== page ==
The history of the Boykin Spaniel began with a brown Spaniel sort of dog. Alexander White found this dog outside of a church in Spartenburg, South Carolina during the early 20th century. He took it home and on to his friend Lemuel Boykin. This dog proved to be a good hunter. Boykin began to breed Dumpy with a Spaniel named Singo.
Hunters needed a smaller dog like Dumpy that could fit well in the small section-boats used to hunt in the swamp and Dumpy fit the bill. Northerners coming to Camden, South Carolina on vacation to hunt paid to use Boykin’s dogs. It is speculated that these other breeds were involved in developing the Boykin Spaniels: Cocker Spaniel, Chesapeake Bay Retriever, Springer Spaniel, and the American Water Spaniel. The Boykin Spaniel was dubbed the dog that didn’t rock the boat, due to its medium build.
In 1977, the Boykin Spaniel Society was formed; they started to keep a studbook in 1979. They closed their studbook in 1982. The United Kennel Club recognized this breed in 1985. The Boykin Spaniel Club and Breeders Association of America was incorporated in South Carolina in 1997.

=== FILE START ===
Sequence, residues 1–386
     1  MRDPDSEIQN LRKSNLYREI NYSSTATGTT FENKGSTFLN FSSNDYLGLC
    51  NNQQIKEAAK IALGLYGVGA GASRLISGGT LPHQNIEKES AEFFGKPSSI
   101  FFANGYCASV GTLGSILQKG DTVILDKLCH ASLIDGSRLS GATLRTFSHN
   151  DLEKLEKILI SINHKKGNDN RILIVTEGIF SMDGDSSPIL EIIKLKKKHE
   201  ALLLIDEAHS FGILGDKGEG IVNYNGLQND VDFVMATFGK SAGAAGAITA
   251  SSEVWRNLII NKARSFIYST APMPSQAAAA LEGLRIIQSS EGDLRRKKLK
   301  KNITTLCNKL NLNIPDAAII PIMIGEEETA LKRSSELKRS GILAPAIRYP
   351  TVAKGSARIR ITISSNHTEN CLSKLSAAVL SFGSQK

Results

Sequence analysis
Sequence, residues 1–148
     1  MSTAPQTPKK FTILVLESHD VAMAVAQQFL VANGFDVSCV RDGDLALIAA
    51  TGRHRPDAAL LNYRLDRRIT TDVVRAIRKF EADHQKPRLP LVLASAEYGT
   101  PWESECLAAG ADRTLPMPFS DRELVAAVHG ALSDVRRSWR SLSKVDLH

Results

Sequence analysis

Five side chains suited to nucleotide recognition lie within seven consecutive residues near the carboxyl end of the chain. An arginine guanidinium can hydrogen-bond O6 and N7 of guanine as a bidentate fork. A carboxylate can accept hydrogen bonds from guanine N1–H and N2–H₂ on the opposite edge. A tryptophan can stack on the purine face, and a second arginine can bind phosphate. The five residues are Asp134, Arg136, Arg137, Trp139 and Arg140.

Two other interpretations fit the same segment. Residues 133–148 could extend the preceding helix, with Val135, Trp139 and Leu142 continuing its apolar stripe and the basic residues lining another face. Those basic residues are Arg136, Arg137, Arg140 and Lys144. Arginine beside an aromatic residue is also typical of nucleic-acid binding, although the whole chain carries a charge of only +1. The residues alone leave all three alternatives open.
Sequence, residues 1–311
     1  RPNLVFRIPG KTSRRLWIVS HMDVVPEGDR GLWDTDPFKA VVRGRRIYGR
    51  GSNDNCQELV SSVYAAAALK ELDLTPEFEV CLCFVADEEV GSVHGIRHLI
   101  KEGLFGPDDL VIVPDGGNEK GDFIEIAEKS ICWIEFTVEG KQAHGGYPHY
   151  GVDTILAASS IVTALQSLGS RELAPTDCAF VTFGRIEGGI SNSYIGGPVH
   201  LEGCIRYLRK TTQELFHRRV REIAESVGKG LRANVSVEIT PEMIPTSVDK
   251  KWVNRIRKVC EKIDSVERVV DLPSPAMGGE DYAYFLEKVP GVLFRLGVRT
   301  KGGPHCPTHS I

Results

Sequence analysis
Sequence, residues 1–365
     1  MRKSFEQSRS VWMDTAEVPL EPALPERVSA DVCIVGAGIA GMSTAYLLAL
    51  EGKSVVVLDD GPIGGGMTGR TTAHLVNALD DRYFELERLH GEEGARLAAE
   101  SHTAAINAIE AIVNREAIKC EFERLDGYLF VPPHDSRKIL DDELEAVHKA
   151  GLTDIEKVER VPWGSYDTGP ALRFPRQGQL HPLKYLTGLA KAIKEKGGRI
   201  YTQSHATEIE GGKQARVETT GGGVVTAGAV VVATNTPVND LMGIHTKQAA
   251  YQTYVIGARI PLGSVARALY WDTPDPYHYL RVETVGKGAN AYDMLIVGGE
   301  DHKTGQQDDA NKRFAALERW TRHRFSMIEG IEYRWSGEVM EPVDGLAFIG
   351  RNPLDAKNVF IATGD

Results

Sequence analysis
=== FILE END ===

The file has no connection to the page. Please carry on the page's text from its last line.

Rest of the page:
This breed is a small to medium size dog. The ears are long and sit high upon the head. The top of the head is flat and wide. It is round on the sides. The jaw is very long. The nose is a liver tint and wide. The eyes are brown or yellow and are set broadly.
The coat is waterproof. There is an outer and under coat. The outer coat can be slightly wavy or flat. It is of medium length. The undercoat is short and thick. The solid colors are chocolate, liver, and brown. The toes and chest can have a bit of white. The gait is unforced and has good reach. The shoulders go back at an angle that promotes a good stride.
Is This Your Breed?
The usual Boykin Spaniel is energetic, friendly, smart, and trains easily. It likes to work. This breed flourishes with human friendship. It does fine with other dogs. It needs plenty of outdoor activity. It likes attention. This breed will play with children in the pool. They are best suited to an abode with a fenced yard. But don’t leave it off of the leash by itself as it may take off following a scent. This breed may damage property, when its exercise requirement is not met.